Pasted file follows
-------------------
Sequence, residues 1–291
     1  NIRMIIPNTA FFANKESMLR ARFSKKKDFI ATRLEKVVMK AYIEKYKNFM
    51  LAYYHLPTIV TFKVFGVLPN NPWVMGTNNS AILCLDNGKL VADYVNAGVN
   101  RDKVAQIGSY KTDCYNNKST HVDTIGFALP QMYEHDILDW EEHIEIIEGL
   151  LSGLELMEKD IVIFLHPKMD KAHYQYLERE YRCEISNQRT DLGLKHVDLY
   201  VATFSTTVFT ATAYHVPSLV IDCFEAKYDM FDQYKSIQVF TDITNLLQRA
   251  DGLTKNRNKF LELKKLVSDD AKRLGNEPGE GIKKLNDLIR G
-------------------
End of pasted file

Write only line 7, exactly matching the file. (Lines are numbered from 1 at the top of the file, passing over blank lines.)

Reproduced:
   251  DGLTKNRNKF LELKKLVSDD AKRLGNEPGE GIKKLNDLIR G